WESTLOCK - At Westlock County’s budget open house Nov. 25, one resident suggested that the province should consider a way of spreading money across municipalities in a fairer way, based on need.
Counties like Strathcona bring in large amounts of revenue because they have tax-paying industries within their boundaries. That income should be spread around, she recommended.
We agree. This was hinted at by Town of Westlock mayor Ralph Leriger in August, when he indicated some issues with the way Municipal Sustainability Initiative funds were awarded as they’re based on grant applications, not need.
There is a corollary, however, which county Coun. Victor Julyan noted very quickly: they’re called equalization payments — the very thing Albertans are so upset about on a federal level.
This brings up a host of imbalances when it comes to how we analyze the way our money is being spent. Provincially, our government’s position is that we are treated unfairly in Ottawa. This might be so; Western alienation has been an issue for a while now.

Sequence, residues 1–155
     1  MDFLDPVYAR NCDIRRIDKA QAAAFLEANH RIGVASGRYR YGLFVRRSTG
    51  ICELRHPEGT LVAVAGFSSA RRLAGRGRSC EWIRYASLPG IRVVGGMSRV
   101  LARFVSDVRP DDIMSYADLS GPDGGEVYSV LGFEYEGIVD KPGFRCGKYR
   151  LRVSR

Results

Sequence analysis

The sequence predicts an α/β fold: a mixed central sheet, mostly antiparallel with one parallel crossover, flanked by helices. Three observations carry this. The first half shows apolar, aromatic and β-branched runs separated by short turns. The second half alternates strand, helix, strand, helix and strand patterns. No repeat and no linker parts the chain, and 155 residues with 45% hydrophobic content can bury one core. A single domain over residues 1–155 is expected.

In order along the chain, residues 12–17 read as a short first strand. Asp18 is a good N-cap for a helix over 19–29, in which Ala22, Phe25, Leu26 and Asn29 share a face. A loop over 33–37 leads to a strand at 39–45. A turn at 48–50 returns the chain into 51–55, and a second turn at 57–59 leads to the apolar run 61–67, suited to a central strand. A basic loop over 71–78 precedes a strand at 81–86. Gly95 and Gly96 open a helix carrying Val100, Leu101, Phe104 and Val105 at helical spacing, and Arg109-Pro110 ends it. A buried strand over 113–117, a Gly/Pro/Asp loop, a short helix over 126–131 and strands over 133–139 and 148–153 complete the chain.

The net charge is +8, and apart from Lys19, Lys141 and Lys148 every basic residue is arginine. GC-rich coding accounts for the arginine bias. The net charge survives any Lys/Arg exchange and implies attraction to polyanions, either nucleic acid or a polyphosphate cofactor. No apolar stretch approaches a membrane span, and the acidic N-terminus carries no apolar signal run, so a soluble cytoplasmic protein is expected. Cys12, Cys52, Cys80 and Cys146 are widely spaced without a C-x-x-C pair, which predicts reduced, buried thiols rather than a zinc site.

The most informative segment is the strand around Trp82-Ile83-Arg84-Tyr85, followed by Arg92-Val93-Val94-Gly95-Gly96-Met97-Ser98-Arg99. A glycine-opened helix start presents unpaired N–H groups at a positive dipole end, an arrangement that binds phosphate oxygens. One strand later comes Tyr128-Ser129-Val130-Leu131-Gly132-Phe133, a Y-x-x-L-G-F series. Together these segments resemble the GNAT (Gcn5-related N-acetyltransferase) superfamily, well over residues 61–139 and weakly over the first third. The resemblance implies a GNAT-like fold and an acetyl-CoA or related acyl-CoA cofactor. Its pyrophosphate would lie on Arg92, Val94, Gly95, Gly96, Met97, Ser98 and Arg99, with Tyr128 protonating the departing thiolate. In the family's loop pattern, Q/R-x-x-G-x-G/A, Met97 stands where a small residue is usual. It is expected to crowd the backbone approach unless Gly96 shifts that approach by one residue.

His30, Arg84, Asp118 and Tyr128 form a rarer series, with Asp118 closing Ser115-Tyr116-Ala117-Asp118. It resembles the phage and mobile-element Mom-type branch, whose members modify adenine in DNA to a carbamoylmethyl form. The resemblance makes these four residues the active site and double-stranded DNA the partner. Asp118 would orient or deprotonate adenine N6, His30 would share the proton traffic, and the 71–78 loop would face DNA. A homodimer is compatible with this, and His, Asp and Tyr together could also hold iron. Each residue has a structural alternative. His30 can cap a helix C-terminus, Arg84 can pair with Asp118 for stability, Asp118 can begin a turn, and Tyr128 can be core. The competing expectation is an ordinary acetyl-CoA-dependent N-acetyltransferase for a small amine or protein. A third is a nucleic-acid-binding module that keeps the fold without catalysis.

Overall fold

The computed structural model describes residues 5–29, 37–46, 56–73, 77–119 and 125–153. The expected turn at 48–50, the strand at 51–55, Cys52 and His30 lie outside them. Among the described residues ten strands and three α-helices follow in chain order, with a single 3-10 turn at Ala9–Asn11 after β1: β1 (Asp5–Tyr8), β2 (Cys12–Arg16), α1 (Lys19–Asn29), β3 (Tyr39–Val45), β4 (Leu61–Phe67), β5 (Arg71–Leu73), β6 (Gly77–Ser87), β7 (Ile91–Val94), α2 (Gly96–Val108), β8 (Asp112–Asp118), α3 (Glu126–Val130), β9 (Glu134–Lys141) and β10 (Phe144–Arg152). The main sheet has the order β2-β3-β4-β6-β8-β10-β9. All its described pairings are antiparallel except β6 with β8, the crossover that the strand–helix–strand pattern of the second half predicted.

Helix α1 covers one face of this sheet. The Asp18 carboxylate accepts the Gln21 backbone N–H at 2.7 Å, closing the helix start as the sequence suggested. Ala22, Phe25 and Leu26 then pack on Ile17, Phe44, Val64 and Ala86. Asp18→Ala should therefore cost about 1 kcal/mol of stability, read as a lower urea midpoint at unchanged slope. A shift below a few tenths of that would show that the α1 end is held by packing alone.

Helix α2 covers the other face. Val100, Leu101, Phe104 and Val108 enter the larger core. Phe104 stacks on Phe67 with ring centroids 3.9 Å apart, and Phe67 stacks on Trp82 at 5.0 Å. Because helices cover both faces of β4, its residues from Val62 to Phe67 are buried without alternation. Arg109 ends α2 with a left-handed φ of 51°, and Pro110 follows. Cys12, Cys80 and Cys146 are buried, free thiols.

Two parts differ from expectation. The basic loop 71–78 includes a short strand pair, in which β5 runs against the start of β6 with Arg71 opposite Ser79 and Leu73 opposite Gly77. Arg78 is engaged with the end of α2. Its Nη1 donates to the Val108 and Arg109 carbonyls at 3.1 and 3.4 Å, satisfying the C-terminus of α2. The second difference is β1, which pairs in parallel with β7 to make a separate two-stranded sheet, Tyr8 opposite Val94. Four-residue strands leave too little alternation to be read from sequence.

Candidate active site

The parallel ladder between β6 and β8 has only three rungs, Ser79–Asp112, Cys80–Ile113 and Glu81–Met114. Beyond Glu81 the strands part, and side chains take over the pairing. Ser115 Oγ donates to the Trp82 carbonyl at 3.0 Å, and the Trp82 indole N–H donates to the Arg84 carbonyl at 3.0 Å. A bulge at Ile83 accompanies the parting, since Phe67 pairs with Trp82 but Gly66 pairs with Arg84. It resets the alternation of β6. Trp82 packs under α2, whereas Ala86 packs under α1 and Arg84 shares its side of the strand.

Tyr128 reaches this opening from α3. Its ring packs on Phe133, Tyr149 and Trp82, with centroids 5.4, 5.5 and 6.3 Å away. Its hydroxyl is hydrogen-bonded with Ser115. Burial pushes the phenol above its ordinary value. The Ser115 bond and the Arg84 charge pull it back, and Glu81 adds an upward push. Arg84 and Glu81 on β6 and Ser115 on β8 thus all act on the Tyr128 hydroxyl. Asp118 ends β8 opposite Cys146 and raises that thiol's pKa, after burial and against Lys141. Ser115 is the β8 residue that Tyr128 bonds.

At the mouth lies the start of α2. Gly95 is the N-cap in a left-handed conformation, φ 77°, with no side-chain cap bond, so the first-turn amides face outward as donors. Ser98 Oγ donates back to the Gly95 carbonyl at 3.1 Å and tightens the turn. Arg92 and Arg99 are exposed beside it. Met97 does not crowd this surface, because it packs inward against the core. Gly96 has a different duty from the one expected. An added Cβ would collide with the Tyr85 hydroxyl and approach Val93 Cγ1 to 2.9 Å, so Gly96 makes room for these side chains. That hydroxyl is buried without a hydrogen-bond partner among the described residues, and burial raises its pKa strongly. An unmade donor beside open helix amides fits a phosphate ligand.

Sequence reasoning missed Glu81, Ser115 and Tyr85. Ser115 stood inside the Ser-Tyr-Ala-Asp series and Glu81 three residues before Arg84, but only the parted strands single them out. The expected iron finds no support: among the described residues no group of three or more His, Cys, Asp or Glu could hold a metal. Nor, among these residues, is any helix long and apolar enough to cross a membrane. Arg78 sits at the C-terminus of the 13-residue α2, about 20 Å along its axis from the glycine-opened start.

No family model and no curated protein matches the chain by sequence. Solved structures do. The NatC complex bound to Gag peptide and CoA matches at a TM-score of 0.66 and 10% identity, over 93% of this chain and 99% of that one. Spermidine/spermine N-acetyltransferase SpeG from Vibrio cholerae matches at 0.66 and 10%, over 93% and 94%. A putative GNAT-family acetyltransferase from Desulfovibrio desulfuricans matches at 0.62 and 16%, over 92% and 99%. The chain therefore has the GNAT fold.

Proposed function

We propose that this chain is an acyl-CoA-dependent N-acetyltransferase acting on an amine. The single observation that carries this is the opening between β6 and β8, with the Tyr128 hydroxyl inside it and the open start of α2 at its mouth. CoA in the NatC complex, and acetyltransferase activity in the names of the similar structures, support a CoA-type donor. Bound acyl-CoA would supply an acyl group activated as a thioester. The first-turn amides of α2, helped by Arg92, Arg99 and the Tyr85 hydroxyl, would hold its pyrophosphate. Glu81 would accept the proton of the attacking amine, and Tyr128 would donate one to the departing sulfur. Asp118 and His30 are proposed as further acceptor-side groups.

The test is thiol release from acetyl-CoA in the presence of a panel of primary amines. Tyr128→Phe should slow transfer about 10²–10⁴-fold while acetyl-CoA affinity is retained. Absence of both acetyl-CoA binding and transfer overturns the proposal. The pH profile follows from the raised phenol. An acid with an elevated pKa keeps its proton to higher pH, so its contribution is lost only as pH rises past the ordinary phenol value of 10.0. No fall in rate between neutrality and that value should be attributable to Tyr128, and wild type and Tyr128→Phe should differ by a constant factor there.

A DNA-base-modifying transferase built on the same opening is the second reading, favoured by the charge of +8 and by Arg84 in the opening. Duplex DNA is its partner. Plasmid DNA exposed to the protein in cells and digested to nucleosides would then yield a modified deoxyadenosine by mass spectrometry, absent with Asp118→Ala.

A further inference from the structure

Whether or not it originates from equalization payments is more difficult to ascertain. Nonetheless, they form the distinguishable feature of Western alienation at the moment.
On our social media pages, commenters have been using the phrase ‘cognitive dissonance’ quite frequently for a few stories involving the Kenney government. It means that one person holds contradictory opinions about something.
It applies to equalization payments as well. People find it unfair when their (provincial) money is being spent in other parts of the country. Yet when brought closer in, at the municipal level, it is offered as a solution for poorer counties to be able to cover their basic expenses.
Well, it’s the same thing.
In a sense, Westlock has the advantage of perspective when it comes to this process. It is one of the poorer counties, predominantly agricultural, without significant industry. In order to provide the same services other Albertans receive, which should in theory cost about the same per capita, it has to spend money it cannot make.
Within these boundaries, we should be able to see how equalization payments would benefit municipalities, increase quality of life, and make economic development a possibility.
It could mean the county would have money to hire an economic development officer, for example, without considering cutting down service levels in other departments. A beaver program wouldn’t be such a big deal.
Yet somehow, we don’t see that irony.